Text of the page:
From a young age, dreams were made for me. Vocation was taught only in literal definition, never as a canvas where passion, talent and discipline converge into some semblance of purpose. Those breathless strings of words, colours, and melodies existed—but somehow I felt they were not for me. Why that was could've been a genuine lack of interest or something much more convoluted.
My mother, like many first generation immigrants, had a well-placed fear for the simple survival of her children. This fear translated into constant speeches on education -- it's sole purpose being the obtainment of financial security and social standing. In turn, I wished--quite sincerely at the time--to be a doctor, lawyer, engineer or a businessman, and this one-sided view reflected her fear so profoundly that I instinctively avoided any other flavour of life.
Years went on as I gazed only through small parts of the glass. My journey at Wilfrid Laurier University began and rushed into me incredible waves of what life could be. I discovered love and all its aching thorns, as well as my passion—literature. But they overwhelmed me. Like a certain snake that goes many months without eating, I stumbled upon a feast and ate so greedily that I suffocated. I found Borges and Nabokov, Gogol and Tolstoy, Wittgenstein and Schopenhauer, Fellini and Kurosawa, Marvin Gaye and The Beatles. I wanted it all, recklessly discarding all pre-existing notions of life. I left school, travelled, worked—seeing things and meeting people I had only known in one dimension. I then started a blog and slowly began to exorcise the overwhelming vanity of my initial intentions.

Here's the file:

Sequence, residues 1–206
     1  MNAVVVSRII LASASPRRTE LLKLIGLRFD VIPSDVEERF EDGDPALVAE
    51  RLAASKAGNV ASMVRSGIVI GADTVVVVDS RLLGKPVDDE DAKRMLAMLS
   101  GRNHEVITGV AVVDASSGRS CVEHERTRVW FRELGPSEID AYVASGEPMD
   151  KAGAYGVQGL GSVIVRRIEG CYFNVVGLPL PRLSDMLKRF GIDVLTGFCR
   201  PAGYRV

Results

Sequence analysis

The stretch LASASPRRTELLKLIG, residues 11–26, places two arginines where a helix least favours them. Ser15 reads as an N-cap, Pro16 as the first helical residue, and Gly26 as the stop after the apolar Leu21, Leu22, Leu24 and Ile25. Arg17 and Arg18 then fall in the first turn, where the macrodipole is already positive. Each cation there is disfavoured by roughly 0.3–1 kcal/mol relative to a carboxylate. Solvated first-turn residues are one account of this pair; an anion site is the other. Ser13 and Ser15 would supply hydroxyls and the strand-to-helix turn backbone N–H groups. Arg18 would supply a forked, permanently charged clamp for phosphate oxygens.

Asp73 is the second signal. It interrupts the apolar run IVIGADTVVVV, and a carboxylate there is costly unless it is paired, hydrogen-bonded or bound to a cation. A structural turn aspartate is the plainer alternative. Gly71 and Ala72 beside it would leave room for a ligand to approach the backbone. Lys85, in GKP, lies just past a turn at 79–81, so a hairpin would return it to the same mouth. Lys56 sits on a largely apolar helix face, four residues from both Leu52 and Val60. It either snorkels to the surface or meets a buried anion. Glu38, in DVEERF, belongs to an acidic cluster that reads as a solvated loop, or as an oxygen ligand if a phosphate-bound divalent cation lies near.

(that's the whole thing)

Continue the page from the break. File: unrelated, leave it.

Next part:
Yet soon after this I felt a gnawing in my gut as pure thirst for discovery turned stale and numb. I was running away. I had learned so much but was staying in a place that offered nothing more for me. I had to move on.
So now I’m here, writing this letter, ready to fine tune the foundation I have rebuilt this time away from school. I have a healthy hunger to learn from peers and teachers that share common passions, and a self-discipline I have struggled greatly to acquire. These are the words I offer as explanation, and I hope they prove adequate for consideration into your English Literature program.